"In the very first year we put in (Oracle's 11i applications software), we've saved $1 billion," said Ellison. "In year two, we?ll save $2 billion, and in year three, we?ll save $3 billion...While doing all of this, we have cut our IT budget in half."
Ellison made his comments at Oracle Apps World, a company-sponsored trade show being held in Paris. He reiterated his message that by using Oracle 11i, the company?s heavily touted suite of Web-based business management software, Oracle customers will also reap the same benefits in cost savings and business efficiency and will face less of a systems integration burden.
Huge cost savings reaped through the use of his company's Web-based software is a familar theme for Ellison. The outspoken executive made similar claims late last year.
Oracle recently reported a blowout second quarter, surpassing analysts? expectations and predicting a strong quarter ahead.
Partly driving Oracle's revenue growth for the quarter was a 66 percent jump in sales of its business applications software, while revenue from consulting and support services grew 9 percent in the quarter.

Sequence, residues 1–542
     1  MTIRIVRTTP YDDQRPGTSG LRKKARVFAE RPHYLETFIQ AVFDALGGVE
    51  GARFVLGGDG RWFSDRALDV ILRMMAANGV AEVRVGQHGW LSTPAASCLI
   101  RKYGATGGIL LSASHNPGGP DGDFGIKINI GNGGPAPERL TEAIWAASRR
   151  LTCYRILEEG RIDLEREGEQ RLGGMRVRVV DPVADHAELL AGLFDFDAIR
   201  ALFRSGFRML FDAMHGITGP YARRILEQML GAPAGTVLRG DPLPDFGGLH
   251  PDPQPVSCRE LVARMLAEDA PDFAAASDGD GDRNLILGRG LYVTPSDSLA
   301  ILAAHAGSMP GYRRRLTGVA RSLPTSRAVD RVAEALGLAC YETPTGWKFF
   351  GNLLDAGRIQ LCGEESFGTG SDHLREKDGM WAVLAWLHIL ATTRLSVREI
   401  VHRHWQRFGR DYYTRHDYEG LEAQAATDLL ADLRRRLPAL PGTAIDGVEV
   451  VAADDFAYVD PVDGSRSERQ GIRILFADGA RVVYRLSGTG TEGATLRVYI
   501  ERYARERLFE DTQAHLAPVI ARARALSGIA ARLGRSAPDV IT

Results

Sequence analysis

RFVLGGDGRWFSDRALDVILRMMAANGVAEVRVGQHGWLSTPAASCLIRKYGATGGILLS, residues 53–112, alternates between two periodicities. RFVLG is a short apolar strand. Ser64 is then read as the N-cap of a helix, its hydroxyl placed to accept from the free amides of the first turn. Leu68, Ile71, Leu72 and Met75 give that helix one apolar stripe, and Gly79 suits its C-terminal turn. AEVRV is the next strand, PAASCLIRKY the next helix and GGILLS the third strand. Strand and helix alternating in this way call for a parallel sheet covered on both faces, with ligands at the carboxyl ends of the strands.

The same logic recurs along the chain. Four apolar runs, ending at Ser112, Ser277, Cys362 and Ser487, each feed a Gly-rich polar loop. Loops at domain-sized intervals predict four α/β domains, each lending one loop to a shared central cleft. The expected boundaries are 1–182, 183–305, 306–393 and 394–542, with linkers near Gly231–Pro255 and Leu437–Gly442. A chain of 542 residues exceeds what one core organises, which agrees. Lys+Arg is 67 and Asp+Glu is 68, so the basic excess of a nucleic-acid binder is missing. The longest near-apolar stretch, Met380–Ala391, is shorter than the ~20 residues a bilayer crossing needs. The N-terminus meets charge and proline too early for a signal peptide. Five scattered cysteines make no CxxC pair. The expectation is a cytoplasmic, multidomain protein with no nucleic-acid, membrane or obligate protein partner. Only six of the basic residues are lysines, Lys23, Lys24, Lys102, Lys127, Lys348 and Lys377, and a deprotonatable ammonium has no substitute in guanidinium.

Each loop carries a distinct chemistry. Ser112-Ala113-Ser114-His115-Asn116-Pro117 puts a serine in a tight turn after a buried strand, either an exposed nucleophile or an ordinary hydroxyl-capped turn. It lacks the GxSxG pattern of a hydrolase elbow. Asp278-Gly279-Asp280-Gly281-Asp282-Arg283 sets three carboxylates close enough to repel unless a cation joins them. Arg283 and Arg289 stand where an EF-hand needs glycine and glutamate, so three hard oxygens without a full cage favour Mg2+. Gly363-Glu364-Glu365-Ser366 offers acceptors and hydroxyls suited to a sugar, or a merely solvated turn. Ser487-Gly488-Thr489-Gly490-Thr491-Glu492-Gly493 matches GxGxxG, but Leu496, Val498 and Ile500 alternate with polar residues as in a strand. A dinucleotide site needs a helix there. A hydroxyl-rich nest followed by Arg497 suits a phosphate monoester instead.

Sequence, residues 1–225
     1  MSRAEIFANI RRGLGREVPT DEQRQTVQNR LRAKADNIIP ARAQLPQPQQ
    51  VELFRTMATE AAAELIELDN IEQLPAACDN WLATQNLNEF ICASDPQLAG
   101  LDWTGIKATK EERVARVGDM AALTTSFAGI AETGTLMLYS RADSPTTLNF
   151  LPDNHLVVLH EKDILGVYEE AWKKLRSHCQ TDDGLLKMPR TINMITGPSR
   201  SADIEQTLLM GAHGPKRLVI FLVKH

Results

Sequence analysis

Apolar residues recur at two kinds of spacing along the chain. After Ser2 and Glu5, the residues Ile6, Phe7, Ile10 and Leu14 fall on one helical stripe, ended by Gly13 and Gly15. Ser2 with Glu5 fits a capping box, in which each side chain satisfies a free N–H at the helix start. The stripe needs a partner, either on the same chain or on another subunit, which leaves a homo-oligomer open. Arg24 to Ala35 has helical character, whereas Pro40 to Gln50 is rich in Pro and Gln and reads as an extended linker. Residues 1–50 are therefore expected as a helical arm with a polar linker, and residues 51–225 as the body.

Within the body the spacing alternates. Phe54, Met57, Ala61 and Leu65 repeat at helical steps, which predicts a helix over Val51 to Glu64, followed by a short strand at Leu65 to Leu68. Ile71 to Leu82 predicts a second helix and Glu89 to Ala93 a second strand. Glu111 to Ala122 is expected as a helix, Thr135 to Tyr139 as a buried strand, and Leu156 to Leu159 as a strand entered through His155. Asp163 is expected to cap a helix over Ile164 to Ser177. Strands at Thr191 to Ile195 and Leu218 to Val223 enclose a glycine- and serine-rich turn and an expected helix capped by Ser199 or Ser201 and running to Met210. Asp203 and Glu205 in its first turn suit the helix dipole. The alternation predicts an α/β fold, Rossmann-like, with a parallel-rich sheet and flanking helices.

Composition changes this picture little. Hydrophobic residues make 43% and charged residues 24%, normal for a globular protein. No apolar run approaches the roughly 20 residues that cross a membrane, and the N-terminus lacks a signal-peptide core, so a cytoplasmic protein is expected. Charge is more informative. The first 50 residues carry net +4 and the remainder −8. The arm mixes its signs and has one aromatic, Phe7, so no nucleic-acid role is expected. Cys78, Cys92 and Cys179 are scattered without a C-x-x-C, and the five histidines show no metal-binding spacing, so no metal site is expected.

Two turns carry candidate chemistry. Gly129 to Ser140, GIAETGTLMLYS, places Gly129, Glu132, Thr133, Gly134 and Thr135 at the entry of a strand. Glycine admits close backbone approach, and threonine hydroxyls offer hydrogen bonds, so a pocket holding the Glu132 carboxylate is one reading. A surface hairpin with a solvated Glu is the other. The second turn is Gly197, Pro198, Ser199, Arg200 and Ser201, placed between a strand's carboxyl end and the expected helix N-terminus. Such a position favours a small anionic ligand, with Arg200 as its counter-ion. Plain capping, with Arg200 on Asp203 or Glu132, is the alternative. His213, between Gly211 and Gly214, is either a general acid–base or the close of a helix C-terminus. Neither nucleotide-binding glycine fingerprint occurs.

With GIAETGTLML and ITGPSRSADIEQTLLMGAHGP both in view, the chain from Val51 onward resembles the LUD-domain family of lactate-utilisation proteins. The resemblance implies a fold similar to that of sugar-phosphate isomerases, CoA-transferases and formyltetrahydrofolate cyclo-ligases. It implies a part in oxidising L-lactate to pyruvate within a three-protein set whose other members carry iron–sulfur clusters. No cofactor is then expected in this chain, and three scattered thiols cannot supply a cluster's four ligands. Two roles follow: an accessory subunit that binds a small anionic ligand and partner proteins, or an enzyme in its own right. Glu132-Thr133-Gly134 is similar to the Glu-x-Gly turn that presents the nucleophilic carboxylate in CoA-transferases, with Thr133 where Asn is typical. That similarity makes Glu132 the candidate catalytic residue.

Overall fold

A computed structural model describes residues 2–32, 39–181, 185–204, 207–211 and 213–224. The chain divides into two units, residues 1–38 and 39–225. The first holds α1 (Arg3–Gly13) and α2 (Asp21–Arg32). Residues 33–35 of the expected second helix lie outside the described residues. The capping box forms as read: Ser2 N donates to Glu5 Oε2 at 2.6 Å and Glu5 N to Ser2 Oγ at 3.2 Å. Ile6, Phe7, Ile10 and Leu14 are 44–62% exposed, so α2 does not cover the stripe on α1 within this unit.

However, Ellison may be turning up the volume on his pitch in an effort to keep application software sales on track. Last week, at least one analyst questioned Oracle's ability to dodge the dot-com slowdown and continue to grow its software business.
Morgan Stanley Dean Witter software analyst Chuck Phillips last week questioned how long Oracle could sustain its database momentum, given the fact that at least 30 of Oracle's sizable dot-com database customers have gone out of business. Phillips estimated that about 10 percent to 12 percent of Oracle's database license revenue came from dot-coms last year. News of the report drove Oracle shares down 13 percent last Friday.
Oracle shares rose $1, or more than 4 percent, to $24 in early trading Tuesday.
Even prior to its release last spring, Oracle had been busy pushing the 11i software suite, touting the latest version as a one-size-fits-all package for managing a company?s marketing efforts, sales force, manufacturing, financials and Internet business efforts.
Ellison went on to claim that since there?s less integration work involved to install the 11i suite, companies? IT budgets will decrease dramatically.
"We don?t want to sell parts and labor, we want to sell you the (whole) car," he said. "We worked very hard to be the first car company."
Ellison on Tuesday said consulting is going to become a smaller part of Oracle?s overall business, since the company's 11i suite requires little systems integration. "There?s very little labor" involved to implement 11i, he added.